We focus many of our classroom lessons and projects on inquiry- based projects and lessons.  We have numerous field studies at each grade in the school and as we move into the middle years at grade 6-8 these become overnight and exchange trip opportunities.   Our focus is to provide students with real world opportunities to learn and experience the curriculum.

As we move forward we will continue to focus on creating a disposition of inquiry in all our classrooms using our three teachers trained in Problem Based Learning as guides along with our Learning Assistance teachers (LAT) and Instructional Design ( ID) teacher.  

With inevitable changes in staff and technology,  we will focus on mentorship and grade teaming to ensure staff are able to maintain a high level of knowledge and function. We will also focus our professional development (PD) on developing capacity in inquiry based lesson and project planning. Collaboration with tacit leaders within the school and our ID coach will be encouraged.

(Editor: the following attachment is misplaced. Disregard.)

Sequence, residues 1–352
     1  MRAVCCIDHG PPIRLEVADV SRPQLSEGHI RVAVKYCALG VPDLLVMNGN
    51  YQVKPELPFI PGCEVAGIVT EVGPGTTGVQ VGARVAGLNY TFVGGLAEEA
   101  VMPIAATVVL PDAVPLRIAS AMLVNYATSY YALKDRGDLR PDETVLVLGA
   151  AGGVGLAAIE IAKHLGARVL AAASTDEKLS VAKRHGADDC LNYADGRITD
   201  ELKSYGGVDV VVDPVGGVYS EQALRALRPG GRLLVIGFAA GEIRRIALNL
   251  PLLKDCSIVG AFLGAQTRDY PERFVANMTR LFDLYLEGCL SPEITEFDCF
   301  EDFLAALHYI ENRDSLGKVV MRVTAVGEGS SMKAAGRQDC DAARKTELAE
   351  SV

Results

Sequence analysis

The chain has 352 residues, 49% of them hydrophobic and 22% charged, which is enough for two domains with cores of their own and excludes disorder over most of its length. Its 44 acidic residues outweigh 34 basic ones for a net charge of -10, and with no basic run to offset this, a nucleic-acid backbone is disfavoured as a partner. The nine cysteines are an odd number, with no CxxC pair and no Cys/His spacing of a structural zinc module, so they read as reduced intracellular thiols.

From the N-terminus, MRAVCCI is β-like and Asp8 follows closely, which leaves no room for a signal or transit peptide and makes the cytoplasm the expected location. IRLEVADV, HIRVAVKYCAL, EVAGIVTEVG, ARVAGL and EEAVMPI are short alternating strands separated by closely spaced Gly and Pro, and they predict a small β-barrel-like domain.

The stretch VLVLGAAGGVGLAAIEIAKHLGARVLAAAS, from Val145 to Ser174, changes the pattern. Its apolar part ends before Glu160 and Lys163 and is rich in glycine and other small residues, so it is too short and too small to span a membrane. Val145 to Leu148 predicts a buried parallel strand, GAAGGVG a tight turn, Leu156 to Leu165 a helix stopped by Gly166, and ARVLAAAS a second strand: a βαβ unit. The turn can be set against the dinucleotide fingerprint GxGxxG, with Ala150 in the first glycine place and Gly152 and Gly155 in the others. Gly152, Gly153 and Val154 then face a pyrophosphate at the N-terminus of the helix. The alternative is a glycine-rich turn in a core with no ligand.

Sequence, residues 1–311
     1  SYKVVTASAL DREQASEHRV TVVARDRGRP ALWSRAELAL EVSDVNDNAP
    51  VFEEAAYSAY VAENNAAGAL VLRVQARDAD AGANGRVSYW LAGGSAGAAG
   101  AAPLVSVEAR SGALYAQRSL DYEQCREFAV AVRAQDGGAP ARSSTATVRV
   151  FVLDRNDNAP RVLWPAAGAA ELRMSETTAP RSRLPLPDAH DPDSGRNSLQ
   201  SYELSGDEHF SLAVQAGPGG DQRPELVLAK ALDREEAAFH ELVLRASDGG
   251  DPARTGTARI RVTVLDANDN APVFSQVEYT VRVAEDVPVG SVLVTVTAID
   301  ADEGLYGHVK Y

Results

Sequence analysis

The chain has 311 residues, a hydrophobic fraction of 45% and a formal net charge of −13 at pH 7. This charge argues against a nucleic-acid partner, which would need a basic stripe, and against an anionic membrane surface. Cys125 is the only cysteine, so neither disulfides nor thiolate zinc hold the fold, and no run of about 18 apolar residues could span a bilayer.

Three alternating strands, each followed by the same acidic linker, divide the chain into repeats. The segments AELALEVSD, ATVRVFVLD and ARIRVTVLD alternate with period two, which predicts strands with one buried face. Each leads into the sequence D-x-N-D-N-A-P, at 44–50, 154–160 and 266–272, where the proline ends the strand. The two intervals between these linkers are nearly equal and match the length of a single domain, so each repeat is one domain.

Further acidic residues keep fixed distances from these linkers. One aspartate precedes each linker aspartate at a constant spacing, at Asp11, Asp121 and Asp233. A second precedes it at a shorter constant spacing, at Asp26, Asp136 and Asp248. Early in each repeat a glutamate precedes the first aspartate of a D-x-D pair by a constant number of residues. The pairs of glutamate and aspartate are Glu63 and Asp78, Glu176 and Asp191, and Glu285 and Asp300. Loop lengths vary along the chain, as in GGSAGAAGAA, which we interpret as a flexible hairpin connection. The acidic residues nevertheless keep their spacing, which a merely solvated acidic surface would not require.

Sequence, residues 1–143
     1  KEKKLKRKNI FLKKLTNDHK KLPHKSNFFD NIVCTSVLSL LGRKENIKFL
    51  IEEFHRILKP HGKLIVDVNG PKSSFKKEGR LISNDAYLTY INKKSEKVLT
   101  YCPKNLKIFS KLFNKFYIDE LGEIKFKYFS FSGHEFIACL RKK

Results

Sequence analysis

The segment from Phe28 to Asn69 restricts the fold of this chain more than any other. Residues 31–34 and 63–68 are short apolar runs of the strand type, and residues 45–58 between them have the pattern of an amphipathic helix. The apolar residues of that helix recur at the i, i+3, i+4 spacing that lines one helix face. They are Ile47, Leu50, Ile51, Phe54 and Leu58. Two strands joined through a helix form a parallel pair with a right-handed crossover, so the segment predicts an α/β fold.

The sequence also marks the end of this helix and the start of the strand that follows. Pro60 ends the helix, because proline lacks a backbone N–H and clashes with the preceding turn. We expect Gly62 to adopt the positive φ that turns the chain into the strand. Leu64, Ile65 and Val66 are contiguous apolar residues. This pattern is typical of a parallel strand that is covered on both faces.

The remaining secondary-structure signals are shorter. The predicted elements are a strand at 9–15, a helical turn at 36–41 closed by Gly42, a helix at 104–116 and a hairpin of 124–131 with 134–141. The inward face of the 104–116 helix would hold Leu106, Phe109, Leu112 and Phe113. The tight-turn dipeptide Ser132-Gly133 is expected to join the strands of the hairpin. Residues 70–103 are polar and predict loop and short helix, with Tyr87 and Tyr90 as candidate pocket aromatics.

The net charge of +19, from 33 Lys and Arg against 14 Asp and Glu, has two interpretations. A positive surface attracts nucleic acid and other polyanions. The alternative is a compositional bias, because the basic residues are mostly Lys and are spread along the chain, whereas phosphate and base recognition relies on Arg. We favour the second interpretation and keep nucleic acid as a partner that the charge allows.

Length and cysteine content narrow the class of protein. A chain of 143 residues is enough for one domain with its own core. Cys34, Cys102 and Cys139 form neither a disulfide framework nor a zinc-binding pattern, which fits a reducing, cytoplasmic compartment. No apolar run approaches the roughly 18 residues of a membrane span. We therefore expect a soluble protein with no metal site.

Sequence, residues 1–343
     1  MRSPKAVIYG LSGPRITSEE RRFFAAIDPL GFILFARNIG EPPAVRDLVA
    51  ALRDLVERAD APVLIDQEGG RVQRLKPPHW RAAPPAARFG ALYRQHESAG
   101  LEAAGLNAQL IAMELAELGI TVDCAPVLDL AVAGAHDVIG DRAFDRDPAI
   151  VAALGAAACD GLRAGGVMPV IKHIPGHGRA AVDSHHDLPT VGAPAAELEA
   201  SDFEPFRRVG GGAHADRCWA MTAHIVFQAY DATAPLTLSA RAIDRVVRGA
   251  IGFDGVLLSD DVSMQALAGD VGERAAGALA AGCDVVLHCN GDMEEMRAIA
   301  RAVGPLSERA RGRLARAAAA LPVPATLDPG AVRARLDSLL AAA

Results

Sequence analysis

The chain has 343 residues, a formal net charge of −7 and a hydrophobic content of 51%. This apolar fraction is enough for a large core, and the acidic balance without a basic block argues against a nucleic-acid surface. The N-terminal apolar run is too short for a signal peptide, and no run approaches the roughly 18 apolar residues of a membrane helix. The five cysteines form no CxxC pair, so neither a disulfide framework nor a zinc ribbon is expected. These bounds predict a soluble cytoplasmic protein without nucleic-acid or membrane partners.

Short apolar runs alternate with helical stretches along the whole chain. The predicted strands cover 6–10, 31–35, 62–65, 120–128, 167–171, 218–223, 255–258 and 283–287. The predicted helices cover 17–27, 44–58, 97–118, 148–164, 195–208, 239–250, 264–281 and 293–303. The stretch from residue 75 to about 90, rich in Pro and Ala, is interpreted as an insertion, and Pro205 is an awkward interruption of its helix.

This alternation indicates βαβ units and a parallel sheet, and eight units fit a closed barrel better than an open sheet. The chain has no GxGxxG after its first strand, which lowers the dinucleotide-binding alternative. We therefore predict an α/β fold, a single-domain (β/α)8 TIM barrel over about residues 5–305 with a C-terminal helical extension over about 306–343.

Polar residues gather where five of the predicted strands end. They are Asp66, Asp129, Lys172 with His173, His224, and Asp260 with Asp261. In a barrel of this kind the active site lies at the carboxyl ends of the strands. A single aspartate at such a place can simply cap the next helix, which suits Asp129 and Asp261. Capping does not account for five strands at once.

As a K-8 school, we have established effective mentorship opportunities involving older grades working with younger grades.  We also have a number of projects planned that promote a collaborative, school-wide inquiry disposition.

New Directions:

Glendale Sciences and Technology School is committed to giving every student the opportunity to reach his or her full potential by promoting excellence in teaching and learning.  

Teaching is a complex activity that integrates effective instructional practices, classroom management, planning, assessment and evaluation, and communication strategies along with a strong understanding of how to meet the diverse learning needs found in every classroom.  Classroom practice that supports high achievement for all students must involve strategies that are responsive to the learning needs of all students.  With this in mind, we will continue to focus on competency- based inquiry learning opportunities inside and away from the classroom that will adhere to provincial changes in curriculum design and delivery. We are excited to have a head start on some of the skill development required to facilitate high quality teaching and learning.  Students and staff will be working hard in literacy and numeracy as well as revisiting the vision of what it means to be a Sciences and Technology School.